Wednesday, May 29, 2024

Sources say US seeking interim deal with Iran over JCPOA, Tehran rejected idea

The Biden administration has in recent weeks discussed with its European and Israeli partners a proposal for an interim agreement with Iran that would include some sanctions relief in exchange for Tehran freezing parts of its nuclear program, according to 10 Israeli officials, Western diplomats and US experts with knowledge of the proposal.

The new approach by the Joe Biden administration shows just how concerned the US is about recent advances in Iran’s nuclear program. The US has not ruled out diplomacy on reaching an agreement to return to the 2015 nuclear agreement but did take it off the agenda last year.

The Biden administration started discussing the new approach in January and briefed its Israeli and E3 — France, Germany and the UK — allies about it in February, according to the 10 sources.

The proposal discussed included some sanctions relief if Iran froze some of its nuclear activities, mainly halting enriching uranium at 60% purity, according to four of the Israeli officials, Western diplomats and US experts.

One Israeli official and one Western diplomat stated that the Iranians are aware of the US discussions but have so far rejected the idea.

The approach is similar to one led by White House National Security adviser Jake Sullivan and CIA director Bill Burns, who were senior members of the Barack Obama administration in 2013 when Iran and world powers signed the 2013 Joint Plan of Action (JPOA), which included a short-term freeze on parts of Iran’s nuclear program in return for partial sanctions relief.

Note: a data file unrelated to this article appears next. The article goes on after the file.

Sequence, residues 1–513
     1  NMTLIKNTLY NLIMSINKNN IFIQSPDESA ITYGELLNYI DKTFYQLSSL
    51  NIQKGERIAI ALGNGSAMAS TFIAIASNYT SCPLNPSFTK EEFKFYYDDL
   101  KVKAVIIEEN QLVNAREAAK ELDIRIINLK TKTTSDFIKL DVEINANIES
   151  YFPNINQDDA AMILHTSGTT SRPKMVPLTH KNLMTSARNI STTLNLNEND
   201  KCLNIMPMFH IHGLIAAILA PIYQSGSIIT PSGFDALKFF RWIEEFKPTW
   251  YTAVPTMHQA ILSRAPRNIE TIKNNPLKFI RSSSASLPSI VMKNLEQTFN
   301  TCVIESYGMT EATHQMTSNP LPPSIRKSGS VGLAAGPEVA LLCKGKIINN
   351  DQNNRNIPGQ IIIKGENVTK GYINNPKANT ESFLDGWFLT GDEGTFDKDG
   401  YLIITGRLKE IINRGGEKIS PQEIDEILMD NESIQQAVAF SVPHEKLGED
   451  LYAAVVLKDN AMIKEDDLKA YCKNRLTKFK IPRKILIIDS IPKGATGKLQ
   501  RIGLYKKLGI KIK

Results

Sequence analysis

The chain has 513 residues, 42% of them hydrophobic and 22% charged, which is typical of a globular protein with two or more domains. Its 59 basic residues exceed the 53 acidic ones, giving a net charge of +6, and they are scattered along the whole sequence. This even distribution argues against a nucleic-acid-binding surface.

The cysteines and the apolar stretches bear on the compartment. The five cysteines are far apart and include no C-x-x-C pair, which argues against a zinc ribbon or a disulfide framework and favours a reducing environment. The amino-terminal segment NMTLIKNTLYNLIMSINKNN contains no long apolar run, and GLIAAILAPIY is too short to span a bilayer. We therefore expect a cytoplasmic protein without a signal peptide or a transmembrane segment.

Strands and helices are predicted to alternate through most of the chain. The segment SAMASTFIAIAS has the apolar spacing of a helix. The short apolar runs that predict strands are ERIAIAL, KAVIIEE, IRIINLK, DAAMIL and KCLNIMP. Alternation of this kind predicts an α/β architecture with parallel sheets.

The original interim agreement was for a period of six months and was renewed several times until the full nuclear deal was reached in July 2015.

A White House National Security Council spokesperson said President Biden is “absolutely committed to ensuring Iran never acquires a nuclear weapon, and we still believe diplomacy is the best way to achieve that objective”.

The spokesperson added that the administration is preparing for all possible options and contingencies in full coordination with its partners and allies, including Israel. But the White House “will not comment on second-hand rumors about diplomatic discussions, other than to caution that nearly all such rumors are false.”

Iran denies seeking nuclear weapons, stressing its nuclear technology is solely for civil purposes.

Iranian officials have so far rejected the new approach, stressing that it didn’t work before and they don’t want a deal that includes anything less than the 2015 nuclear agreement, according to the three Israeli officials and Western diplomats.

Iran has cautioned the United States that the window of opportunity for an agreement on reviving the nuclear deal will not remain open forever, urging Washington to adopt a constructive approach to salvage the accord.

Iran showed to the world the peaceful nature of its nuclear program by signing the JCPOA with six world states — namely the US, Germany, France, Britain, Russia and China. But, Washington’s unilateral withdrawal in May 2018 and its subsequent re-imposition of sanctions against Tehran left the future of the deal in limbo.

Negotiations between the parties to the landmark agreement kicked off in Vienna in April 2021, with the intention of bringing the US back into the deal and putting an end to its “maximum pressure” campaign against Iran.

The discussions, however, have been at a standstill since August 2022 due to Washington’s insistence on not lifting all of the anti-Iran sanctions and offering the necessary guarantees that it will not exit the agreement again.

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